The difficulty of altering or faking all 10 fingerprints played a role in the decision to use fingerprints as a biometric indicator, according to Cain and Streetman, who say that NLECTC-Southeast's original request only specified that the counting system be based on a unique biometric identifier. Cain and Streetman also considered voiceprints and even a new, developing technology that scans the veins under the skin. "Fingerprints seemed like the best choice because they are hard for someone to change, yet simple for the inmate and the correctional officer to scan," says Cain.

BWX Technology Y-12 contracts with the Department of Energy to run the Y-12 National Security Complex. However, because the department contracted with the company to perform work for other agencies under certain conditions, NLECTC-Southeast could approach the group about developing a biometric counting system. "If we go out and solve a technology problem for someone else, and can later apply that solution to work done for the DOE, it's a win-win situation," Cain says. The department benefits because the agency gains access to information on new technology and NLECTC-Southeast and the corrections community benefit because it is hard to get the private sector interested in developing technology for the corrections community.

"Corrections is a very small field from a business standpoint," Donlin says. "There are a lot of things that would make the job easier, but the business world doesn't look into developing them because there wouldn't be enough profit in the product. The correctional field either has to use existing technology or find people, such as NIJ or NLECTC, who will listen to what they have to say and do the research and development."

Members of the corrections community had the opportunity to provide input into the system's development, which is being funded by NIJ, during a corrections technology workshop sponsored by NLECTC-Southeast. Cain says that he had planned to give a 10- to 15-minute presentation on performing inmate counts and came away with numerous ideas for additional uses for the system. Participants suggested linking the fingerprints to a medical database so health professionals can access complete medical records and also be sure that one inmate is not trying to get another's medication; using the system to track inmates on a work detail; and restricting access to certain areas by placing scanners outside each location and using the scanners for portal control. Expanding on the latter suggestion, Donlin explains that an inmate who works in the cafeteria would be allowed into that area early in the morning, but other inmates would not be able to go inside until mealtime.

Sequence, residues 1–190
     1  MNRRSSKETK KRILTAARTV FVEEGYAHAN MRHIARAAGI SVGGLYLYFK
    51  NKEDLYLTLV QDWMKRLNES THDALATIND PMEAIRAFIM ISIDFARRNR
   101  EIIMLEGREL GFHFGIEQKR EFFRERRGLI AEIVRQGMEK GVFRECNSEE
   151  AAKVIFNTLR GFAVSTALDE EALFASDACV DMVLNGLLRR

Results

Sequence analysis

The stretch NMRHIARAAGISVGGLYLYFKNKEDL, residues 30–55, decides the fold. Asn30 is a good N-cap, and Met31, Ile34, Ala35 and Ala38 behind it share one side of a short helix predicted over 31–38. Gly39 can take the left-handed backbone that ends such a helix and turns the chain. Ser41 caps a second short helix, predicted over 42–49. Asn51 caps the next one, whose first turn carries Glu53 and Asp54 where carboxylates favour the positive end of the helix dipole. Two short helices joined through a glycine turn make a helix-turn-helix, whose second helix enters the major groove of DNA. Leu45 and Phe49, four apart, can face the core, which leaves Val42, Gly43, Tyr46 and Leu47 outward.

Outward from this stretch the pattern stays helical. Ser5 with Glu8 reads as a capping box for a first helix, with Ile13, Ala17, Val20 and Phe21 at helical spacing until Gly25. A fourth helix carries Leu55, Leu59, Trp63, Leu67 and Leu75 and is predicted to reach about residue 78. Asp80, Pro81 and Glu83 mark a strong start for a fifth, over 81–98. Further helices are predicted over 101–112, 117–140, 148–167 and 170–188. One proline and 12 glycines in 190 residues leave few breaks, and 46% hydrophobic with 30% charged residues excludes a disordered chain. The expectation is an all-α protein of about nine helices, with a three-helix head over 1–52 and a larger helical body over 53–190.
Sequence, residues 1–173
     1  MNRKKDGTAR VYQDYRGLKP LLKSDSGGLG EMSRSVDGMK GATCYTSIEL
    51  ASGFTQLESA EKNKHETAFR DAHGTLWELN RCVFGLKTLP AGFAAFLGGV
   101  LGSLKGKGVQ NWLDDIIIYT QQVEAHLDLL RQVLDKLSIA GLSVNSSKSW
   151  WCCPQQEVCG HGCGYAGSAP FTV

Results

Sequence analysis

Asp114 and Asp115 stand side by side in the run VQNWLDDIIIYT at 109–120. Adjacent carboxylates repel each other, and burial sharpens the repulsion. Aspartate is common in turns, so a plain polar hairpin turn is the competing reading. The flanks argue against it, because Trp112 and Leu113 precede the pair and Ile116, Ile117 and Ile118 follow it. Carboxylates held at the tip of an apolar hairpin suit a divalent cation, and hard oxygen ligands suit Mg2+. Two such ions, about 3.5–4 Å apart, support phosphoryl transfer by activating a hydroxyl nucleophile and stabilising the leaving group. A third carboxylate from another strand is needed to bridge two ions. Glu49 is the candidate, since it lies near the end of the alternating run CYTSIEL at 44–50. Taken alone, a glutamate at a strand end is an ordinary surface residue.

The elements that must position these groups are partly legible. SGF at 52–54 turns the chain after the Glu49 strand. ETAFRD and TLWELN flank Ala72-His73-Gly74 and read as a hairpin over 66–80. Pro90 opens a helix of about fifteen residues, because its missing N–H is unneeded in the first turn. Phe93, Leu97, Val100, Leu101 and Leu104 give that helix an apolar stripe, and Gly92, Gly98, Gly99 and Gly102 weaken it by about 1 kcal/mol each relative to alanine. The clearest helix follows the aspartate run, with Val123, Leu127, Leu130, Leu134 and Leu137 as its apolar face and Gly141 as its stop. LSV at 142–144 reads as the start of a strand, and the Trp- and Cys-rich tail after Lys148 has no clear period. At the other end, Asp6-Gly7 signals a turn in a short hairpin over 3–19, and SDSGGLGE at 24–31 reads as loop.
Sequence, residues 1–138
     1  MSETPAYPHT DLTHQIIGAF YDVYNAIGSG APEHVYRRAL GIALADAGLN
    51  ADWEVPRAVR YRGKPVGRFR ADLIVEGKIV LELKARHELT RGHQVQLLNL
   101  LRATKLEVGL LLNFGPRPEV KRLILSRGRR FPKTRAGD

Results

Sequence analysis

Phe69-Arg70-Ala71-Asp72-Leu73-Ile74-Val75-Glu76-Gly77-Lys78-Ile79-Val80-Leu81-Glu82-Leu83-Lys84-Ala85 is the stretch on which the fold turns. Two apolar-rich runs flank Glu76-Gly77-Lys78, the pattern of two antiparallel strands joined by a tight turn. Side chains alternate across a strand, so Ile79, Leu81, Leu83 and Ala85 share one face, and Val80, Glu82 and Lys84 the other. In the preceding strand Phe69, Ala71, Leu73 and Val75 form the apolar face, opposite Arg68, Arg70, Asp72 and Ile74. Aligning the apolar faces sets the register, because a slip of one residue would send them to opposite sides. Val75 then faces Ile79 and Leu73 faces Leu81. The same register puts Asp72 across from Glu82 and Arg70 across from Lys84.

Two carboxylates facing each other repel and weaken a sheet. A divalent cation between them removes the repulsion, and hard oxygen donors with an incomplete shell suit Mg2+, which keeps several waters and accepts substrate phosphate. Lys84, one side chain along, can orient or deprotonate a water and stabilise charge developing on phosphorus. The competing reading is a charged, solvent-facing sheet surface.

"Inmates are always playing games," Donlin say. "They get paid, say, 40 cents a day to work in the work center and they report to work. But then they say they have to go to the doctor, they have to go to the psychologist, they spend the whole day running around, then claim they were there the whole time. Using this system for portal control would track their movements and show that they shouldn't be paid for that day."

As the system comes into full use in numerous correctional facilities, Cain expects corrections personnel to come up with even more ways to use the fingerprint scanner. "Just like new versions of software come out all the time, we will keep coming out with new versions of the biometric counting system that can do more things."

For more information on the biometric counting system project, contact Rob Donlin at 1-800-292-4385; donlin@nlectc-se.org.

Becky Lewis is senior writer/editor for Aspen Systems Corp. and a contributing writer for TechBeat, the magazine of the National Institute of Justice's National Law Enforcement and Corrections Technology Center network.
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Title Annotation:Technology Update
Author:Lewis, Becky
Publication:Corrections Today
Geographic Code:1USA
Date:Jun 1, 2003
Words:1675